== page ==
When he returned from the consultation his version about recording the negotiations with Mozes changed completely. “I’m under constant extortion with this man. He stabs, stabs, stabs,” he told the detectives.

“And in this recording, I also remembered just now, I’ve caught him. By recording him I can actually show who this man is, if the Day of Judgement comes.”

Meshulam: “Is that why you recorded?”

“Obviously. Now I’m remembering it.”

Meshulam: “What is the Day of Judgement?”

Netanyahu: “The Day of Judgement? There are several situations in which he could take control again…”

Meshulam: “You’re holding him by the balls?”

Netanyahu: “Excuse me, no. What are you saying?...I cannot know what he would do someday. He wants to destroy Israel Hayom…Mr. Adelson is not a young man, OK? And let’s say he passes away and suddenly you return to a state secretly controlled by that thing?...I’m trying to understand what led to this thing. Why I recorded…”

Meshulam: “That’s what we’re asking.”

Netanyahu: “Sheldon Adelson passes away.”

Mesnulam: “And.”

Netanyahu: “There’s no Israel Hayom.”

Meshulam: “And.”

Netanyahu: “I want the state to know who it's dealing with…you go back to a situation in which this man is again ruling the state.”

But if Netanyahu didn’t believe Mozes and had no intention of keeping his own promise to the publisher, what would the recordings be worth on the Day of Judgement? According to Netanyahu, both men were brazenly lying to each other. The detectives discussed this point for some time, but Netanyahu insisted that the public would believe him.

Meshulam: “How do you think you’re portrayed in this conversation?”

Netanyahu: “I didn’t believe him for a moment and had no intention of doing it.”

Meshulam: “But what did you expose? You say (in the recordings) that you’re in favor of the Israel Hayom law. You say you’re playing a game and he’s playing a game. In what way are you different from him?”

Netanyahu: “In what way am I different from him? There are 8 million people in Israel. You can sell them anything you like, but nobody will believe that I went and meant to do it. Nobody!”

Bar-Nur: “And on Judgement Day the public will believe those things (that Noni said).”

Netanyahu: “I think so.”

Bar-Nur, who specialized in dealing with crime organizations, told the prime minister that keeping recordings for the Day of Judgement was a practice he knew of only “among criminals.”

“You record things too,” Netanyahu said angrily.

Later the detectives tried to settle the contradiction between the suspect’s two versions. “You said you recorded because you suspected he was recording,” Bar-Nur said. “Now you’re saying you wanted an insurance policy for the Day of Judgement.”

Netanyahu: “Also. The trigger for recording was wait, he’s recording us. This man is capable afterward of doctoring it. (in English)…I’m not ruling out anything as far as he’s concerned, he’s capable of anything, and if everything falls and the state is in his hands again then first record him, record him.”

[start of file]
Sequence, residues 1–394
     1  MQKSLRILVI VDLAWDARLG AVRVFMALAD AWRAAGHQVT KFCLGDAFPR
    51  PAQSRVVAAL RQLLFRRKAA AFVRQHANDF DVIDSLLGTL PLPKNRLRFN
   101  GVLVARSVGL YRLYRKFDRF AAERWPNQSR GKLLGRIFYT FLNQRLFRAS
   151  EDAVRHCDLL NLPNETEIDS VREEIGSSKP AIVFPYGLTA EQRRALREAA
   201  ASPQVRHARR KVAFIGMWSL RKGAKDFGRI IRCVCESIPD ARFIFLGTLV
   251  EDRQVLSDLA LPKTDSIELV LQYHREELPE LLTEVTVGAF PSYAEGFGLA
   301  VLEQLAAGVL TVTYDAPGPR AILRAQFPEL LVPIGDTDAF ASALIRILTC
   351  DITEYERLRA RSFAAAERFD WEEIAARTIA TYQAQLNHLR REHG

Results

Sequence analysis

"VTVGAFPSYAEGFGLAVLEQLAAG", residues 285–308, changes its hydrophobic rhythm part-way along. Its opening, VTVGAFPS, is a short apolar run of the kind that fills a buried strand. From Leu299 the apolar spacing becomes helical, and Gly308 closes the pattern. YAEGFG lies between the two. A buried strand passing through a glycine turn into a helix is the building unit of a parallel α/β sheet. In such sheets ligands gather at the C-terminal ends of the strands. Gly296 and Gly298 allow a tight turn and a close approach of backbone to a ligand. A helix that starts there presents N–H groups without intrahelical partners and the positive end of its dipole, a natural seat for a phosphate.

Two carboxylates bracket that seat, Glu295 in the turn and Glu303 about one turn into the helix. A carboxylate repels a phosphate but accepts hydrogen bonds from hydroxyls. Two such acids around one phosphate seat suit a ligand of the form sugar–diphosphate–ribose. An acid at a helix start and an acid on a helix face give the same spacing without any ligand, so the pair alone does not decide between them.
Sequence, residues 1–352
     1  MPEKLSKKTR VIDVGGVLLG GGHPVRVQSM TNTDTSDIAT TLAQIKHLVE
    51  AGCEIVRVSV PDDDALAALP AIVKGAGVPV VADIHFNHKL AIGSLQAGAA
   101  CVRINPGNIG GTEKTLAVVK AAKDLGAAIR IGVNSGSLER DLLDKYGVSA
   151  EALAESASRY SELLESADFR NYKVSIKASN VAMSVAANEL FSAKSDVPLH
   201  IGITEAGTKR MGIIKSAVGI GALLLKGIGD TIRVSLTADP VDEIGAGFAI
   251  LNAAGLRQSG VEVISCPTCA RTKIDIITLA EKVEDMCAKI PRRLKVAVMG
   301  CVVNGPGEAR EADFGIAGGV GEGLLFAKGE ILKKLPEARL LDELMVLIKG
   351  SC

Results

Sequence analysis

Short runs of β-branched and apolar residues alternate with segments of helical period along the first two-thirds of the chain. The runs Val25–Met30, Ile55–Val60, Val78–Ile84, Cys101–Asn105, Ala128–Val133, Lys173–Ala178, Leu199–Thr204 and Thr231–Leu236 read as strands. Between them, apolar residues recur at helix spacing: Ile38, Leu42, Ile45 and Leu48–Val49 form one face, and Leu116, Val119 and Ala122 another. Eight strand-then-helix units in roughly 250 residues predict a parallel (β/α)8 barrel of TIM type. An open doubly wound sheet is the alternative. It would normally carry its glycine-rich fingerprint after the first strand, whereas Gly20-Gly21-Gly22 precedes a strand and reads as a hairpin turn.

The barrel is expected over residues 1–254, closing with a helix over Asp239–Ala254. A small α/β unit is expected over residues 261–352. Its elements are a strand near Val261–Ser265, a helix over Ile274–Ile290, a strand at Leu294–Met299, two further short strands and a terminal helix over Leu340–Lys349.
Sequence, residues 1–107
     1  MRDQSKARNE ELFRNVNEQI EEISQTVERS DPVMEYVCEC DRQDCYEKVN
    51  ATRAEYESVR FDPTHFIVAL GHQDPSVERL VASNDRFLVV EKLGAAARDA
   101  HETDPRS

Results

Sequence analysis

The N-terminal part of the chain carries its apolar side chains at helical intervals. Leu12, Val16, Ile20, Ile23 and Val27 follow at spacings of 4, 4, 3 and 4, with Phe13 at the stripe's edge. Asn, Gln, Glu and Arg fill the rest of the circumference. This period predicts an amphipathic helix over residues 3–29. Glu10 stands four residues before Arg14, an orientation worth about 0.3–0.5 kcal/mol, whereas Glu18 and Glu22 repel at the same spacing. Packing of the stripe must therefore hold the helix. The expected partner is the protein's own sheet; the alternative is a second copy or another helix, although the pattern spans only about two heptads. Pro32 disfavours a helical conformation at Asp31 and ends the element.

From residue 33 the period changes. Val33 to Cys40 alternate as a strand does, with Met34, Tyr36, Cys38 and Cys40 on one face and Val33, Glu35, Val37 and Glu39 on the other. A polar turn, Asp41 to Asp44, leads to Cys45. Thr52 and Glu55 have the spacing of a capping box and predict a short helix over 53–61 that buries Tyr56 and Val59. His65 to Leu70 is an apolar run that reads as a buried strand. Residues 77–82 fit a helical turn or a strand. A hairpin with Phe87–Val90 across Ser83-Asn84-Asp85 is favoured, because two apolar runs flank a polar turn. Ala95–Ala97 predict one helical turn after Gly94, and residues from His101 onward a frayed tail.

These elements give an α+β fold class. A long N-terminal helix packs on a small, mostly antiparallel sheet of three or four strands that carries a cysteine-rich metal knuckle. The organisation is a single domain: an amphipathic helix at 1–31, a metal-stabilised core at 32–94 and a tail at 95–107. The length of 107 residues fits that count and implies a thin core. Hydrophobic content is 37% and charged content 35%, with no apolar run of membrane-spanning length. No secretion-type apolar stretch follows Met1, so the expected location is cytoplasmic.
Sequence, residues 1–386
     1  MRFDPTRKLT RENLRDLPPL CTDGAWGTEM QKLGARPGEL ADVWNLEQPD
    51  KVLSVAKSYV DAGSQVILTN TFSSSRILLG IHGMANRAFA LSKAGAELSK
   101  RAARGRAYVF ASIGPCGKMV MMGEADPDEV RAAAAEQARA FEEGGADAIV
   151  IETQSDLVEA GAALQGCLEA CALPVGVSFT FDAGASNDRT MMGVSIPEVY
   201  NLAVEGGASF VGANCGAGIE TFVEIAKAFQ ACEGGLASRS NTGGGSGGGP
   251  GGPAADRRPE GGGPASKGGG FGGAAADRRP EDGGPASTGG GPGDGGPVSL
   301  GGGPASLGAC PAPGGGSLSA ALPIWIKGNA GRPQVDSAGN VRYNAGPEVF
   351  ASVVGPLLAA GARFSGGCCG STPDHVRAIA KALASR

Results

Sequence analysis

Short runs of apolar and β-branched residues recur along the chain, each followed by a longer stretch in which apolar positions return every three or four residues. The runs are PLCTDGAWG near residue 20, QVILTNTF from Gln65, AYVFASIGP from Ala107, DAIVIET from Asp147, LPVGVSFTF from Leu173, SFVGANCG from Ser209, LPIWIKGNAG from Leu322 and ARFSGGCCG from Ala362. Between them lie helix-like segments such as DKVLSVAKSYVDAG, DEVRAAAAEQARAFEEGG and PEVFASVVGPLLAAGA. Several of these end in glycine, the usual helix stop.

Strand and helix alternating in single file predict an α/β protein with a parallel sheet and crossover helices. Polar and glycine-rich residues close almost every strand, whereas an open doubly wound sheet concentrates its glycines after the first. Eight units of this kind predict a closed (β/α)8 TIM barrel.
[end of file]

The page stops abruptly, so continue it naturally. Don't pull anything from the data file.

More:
Bar-Nur: “And you meet with a person who is capable of doing such things?”

Netanyahu: “I meet with plenty of people like that. In the diplomatic world.”

In the case dubbed Case 1000, in which Netanyahu allegedly received lavish gifts from wealthy friends, the prime minister also played the victim’s role. When first questioned in the case he was asked if a public official who receives gifts from a tycoon worth 700,000 shekels is crossing the normative threshold.

“I have to think about that,” he replied.

A few days later Bar-Nur asked him if he had an answer yet. “I’m not crossing the normative threshold,” Netanyahu answered immediately.

Bar-Nur: “So why did it take you time and why didn’t you say that straight away?”

Netanyahu: “Nu so I’m telling you. I thought about it, OK?...Now I’ll tell you, there’s nothing in the world like what you’re doing here. There’s no such thing that they come to Francois Holland or Barack Obama and say to them ‘did you get cigars from your friends’…No way! What the hell?! You didn’t even investigate the 1.3 million shekels for Olmert’s pens…There’s one law for Olmert and another for Netanyahu?”

Bar-Nur: “Will you continue taking cigars and bottles?”

Netanyahu: “No, I won’t.”

Bar-Nur: “Why, if it’s normative?”

Meshulam: “He stopped smoking.”

Bar-Nur: “And champagne bottles and jewellery?”

Netanyahu: “I wasn’t the consumer…”

Bar-Nur: “You say passionately that it’s normative.”

Netanyahu: “Normative is what Noni Mozes and the media decided is normative. But I want to ask you a normative question…how come you’re investigating such a thing?”

Immediately after the previous election Netanyahu said he was lucky when Mendelblit decided to release the details of susicions against him weeks before the polls opened. The public was exposed to the materials gathered by the prosecution, yet gave him renewed confidence that justified keeping him in power and brushing the charges aside. If Netanyahu and his allies gain 61 Knesset seats in the election next week, he will likely carry out his rescue plan.

Aides to the prime minister commented: “Another false media spin. Prime Minister Netanyahu did not advance any immunity law. At first you said he was pushing the immunity law, then you said it will be part of the coalition agreements. None of that happened nor will it happen. Netanyahu said many times it’s not right to issue a decision about a hearing before the election, if it cannot be held by the time of the election. Such a decision could have misled the public, distort the voters' will and damage the democratic process. The last election’s results proved clearly that the public believes the prime minister’s cases are persecution, based not on facts but on false gossip and state witnesses who were extorted by violent and wrongful means to hand over Netanyahu’s head.”